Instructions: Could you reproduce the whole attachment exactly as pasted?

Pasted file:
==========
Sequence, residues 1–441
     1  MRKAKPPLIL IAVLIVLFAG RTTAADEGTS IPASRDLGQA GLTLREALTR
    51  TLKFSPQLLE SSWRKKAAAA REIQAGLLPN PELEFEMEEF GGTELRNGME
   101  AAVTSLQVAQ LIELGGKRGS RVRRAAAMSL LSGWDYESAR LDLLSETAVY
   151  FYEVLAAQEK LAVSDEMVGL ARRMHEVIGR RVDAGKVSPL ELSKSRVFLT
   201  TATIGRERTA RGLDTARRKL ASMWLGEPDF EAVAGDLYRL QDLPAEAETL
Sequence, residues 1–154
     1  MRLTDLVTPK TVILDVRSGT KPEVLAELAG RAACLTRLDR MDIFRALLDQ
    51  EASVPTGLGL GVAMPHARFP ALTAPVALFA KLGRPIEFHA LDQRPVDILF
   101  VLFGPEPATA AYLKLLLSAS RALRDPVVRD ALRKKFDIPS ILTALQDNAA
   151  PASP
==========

Sequence, residues 1–441
     1  MRKAKPPLIL IAVLIVLFAG RTTAADEGTS IPASRDLGQA GLTLREALTR
    51  TLKFSPQLLE SSWRKKAAAA REIQAGLLPN PELEFEMEEF GGTELRNGME
   101  AAVTSLQVAQ LIELGGKRGS RVRRAAAMSL LSGWDYESAR LDLLSETAVY
   151  FYEVLAAQEK LAVSDEMVGL ARRMHEVIGR RVDAGKVSPL ELSKSRVFLT
   201  TATIGRERTA RGLDTARRKL ASMWLGEPDF EAVAGDLYRL QDLPAEAETL
Sequence, residues 1–154
     1  MRLTDLVTPK TVILDVRSGT KPEVLAELAG RAACLTRLDR MDIFRALLDQ
    51  EASVPTGLGL GVAMPHARFP ALTAPVALFA KLGRPIEFHA LDQRPVDILF
   101  VLFGPEPATA AYLKLLLSAS RALRDPVVRD ALRKKFDIPS ILTALQDNAA
   151  PASP